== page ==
Henry Luce and Briton Hadden founded Time magazine in 1923 and it peaked as a media conglomerate in the mid-2010s. At its height, its tentacles stretched from print publishing, music, TV programming and movies to a huge cable operation (offering telephone services) and a leading online network. Today, it is a shadow of its former self.  

A half-century after it was founded, in 1972, Time-Life launched Home Box Office (HBO), a breakthrough monthly pay service, distributed through coax and microwave relays; in 1975, it was the first “cable” service to jump to satellite signal distribution. In 1989, Time merged with Warner Communications creating TimeWarner (TW) and, in 1996, it acquired Turner Broadcasting. In 1999, TW entered into a joint venture with AT&T to offer local telephone service in 33 states over its cable infrastructure.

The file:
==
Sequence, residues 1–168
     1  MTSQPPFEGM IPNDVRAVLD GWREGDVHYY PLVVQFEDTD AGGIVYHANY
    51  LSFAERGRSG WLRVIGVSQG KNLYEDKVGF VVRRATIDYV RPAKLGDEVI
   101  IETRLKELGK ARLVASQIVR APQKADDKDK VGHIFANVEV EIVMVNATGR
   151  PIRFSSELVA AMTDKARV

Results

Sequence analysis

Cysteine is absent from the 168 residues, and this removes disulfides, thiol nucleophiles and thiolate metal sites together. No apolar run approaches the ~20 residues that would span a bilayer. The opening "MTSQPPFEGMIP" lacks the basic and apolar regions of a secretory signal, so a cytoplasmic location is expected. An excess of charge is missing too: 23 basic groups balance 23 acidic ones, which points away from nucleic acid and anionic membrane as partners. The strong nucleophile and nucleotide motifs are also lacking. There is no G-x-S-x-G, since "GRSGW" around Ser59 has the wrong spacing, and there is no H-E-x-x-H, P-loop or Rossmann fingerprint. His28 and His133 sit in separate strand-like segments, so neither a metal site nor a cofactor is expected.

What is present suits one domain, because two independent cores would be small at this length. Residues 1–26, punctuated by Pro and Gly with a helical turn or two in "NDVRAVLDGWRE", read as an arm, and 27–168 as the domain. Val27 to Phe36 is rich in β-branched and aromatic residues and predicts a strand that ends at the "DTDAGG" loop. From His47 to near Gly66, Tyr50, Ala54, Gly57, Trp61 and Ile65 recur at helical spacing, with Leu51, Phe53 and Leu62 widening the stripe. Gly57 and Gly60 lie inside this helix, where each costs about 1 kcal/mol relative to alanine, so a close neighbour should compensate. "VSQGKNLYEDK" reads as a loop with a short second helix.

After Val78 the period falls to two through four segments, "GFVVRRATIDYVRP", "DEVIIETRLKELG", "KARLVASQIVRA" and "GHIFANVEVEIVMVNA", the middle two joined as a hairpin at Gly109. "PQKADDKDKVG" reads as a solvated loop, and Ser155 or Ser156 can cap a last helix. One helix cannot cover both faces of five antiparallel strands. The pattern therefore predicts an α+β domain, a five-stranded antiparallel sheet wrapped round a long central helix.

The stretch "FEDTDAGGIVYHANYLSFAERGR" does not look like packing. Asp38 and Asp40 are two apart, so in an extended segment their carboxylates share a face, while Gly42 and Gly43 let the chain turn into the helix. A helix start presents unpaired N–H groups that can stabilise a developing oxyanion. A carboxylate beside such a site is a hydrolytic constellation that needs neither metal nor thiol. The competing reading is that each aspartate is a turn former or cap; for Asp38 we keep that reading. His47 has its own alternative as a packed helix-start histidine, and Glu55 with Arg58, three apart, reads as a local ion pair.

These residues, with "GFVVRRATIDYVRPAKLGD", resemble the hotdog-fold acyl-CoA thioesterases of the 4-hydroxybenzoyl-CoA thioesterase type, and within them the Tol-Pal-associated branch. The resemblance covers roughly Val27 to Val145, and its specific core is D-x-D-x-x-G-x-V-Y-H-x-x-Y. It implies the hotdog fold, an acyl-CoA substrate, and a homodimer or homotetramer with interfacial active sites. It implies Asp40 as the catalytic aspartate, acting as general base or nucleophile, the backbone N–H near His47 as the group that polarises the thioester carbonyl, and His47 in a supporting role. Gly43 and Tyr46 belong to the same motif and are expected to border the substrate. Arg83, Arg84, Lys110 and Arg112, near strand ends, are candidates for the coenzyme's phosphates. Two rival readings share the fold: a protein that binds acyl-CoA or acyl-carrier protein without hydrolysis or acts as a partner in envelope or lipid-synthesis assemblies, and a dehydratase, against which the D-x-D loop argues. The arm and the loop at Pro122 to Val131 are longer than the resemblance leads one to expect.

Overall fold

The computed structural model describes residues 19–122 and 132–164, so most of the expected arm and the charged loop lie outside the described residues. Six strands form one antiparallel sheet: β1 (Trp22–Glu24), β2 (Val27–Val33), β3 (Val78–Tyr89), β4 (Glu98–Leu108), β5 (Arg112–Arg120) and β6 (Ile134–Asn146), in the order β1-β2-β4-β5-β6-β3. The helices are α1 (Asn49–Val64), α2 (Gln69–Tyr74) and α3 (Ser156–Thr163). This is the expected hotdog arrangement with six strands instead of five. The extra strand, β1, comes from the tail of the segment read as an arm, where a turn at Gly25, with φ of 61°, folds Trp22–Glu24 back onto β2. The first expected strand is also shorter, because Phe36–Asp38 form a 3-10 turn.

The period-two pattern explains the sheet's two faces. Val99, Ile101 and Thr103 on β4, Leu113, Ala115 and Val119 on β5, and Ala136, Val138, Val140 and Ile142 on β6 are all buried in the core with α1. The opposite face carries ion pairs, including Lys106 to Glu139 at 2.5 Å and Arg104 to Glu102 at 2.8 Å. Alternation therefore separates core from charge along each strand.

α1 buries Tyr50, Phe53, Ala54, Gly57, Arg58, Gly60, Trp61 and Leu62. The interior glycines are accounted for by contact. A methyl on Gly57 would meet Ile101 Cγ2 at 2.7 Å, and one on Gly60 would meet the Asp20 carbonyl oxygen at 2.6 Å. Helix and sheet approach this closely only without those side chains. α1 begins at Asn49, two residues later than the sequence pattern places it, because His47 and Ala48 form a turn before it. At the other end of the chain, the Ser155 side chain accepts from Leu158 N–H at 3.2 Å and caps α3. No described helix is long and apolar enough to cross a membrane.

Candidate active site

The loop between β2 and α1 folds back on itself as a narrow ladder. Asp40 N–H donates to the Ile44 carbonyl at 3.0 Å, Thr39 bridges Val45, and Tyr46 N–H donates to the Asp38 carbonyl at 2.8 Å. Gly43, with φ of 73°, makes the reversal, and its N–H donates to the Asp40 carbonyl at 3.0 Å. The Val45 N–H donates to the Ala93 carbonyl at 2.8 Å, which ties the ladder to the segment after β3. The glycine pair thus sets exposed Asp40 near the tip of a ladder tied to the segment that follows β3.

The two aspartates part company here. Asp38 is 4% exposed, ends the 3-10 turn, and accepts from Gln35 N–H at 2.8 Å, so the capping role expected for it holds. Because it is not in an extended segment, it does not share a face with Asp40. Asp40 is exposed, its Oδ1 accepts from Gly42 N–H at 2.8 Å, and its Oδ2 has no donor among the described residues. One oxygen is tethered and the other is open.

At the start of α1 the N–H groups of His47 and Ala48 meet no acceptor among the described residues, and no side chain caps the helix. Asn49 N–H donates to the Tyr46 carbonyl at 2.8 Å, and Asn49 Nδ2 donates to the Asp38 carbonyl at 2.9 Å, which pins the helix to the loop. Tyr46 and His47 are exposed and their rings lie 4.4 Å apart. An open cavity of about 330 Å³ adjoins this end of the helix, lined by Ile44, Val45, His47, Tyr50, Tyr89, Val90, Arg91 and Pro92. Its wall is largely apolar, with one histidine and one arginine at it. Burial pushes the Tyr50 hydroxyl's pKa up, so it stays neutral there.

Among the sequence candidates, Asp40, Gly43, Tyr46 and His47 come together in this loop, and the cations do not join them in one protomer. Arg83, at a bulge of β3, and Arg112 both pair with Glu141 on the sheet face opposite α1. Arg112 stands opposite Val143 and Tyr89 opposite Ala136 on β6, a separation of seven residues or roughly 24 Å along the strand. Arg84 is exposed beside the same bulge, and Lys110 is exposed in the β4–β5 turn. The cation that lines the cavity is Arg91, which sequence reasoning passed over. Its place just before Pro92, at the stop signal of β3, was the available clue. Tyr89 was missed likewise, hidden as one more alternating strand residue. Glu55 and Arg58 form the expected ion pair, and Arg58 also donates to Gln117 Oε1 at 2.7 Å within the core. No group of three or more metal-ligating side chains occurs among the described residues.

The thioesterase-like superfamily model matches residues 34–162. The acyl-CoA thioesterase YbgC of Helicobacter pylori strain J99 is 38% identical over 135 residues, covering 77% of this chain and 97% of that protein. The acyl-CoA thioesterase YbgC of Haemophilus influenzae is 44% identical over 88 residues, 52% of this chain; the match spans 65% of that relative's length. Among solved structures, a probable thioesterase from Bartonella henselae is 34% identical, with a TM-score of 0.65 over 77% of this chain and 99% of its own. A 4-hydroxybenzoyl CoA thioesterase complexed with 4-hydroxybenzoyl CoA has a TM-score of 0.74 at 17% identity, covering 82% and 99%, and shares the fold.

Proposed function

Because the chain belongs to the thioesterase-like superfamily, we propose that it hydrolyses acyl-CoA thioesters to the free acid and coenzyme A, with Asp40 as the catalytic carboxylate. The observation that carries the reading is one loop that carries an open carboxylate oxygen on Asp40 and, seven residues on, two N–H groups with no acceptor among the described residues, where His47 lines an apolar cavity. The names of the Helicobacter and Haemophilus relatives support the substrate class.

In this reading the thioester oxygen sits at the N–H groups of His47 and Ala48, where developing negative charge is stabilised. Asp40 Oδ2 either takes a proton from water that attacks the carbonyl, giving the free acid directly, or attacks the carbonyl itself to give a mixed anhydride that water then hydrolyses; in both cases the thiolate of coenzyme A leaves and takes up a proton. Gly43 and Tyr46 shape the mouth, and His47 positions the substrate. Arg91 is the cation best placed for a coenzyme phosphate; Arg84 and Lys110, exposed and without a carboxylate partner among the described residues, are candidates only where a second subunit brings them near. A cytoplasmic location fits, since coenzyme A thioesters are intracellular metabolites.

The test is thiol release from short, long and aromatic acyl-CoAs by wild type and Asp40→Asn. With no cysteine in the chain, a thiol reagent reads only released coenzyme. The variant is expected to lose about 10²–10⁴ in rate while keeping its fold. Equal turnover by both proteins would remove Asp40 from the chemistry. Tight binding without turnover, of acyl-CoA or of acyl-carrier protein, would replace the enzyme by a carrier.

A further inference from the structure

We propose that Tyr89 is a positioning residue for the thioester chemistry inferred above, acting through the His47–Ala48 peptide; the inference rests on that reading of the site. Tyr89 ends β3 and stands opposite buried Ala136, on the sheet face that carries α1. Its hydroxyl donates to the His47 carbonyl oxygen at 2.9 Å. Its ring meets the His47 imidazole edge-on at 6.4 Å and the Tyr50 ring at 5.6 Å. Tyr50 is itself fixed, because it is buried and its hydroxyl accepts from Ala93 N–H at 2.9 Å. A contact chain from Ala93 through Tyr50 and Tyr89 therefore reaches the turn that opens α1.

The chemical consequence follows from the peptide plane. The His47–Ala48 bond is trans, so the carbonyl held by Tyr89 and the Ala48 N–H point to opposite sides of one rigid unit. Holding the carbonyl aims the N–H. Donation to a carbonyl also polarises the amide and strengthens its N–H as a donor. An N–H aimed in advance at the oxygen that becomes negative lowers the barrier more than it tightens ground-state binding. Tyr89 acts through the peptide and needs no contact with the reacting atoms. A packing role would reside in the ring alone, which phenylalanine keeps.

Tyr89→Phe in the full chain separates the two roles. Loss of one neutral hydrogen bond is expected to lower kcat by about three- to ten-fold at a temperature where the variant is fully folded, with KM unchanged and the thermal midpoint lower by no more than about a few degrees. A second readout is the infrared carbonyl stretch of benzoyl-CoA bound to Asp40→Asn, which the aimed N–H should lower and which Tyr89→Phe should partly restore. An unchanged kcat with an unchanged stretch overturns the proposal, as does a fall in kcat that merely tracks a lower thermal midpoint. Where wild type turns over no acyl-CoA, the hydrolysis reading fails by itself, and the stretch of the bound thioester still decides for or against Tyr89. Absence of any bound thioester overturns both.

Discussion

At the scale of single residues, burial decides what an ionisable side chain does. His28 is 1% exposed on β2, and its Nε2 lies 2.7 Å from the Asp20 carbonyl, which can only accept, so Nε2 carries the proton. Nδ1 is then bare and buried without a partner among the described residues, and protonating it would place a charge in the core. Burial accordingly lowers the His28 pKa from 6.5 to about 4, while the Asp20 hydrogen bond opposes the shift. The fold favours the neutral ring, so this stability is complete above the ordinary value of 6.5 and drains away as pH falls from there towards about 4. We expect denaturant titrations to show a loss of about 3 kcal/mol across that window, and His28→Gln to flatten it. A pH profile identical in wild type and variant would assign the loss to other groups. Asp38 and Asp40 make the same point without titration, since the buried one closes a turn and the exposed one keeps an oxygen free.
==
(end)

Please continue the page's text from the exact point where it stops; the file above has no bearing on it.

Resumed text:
With much fanfare, in January 2001 TW merged with American Online (AOL) in a $164 billion deal. Within a year AOL-TW’s stock price plunged and the much-hyped “synergies” that was the merger’s rationale turned out to be a mirage. The company wrote off $99 billion in losses. Only bankers and corporate management benefited from the get-rich-quick scheme. 

The AOL-TW merger exemplified the financial scams at the heart of the tech bubble. Under increasing financial problems resulting from its shotgun marriage with AOL, TW moved in March 2009 to shed its cable operations, creating the self-standing company, Time Warner Cable (TWC).  

In 2010, TWC had revenues of $17.9 billion and ranked 131st on Fortune 500 list. It has 14.6 million subscribers.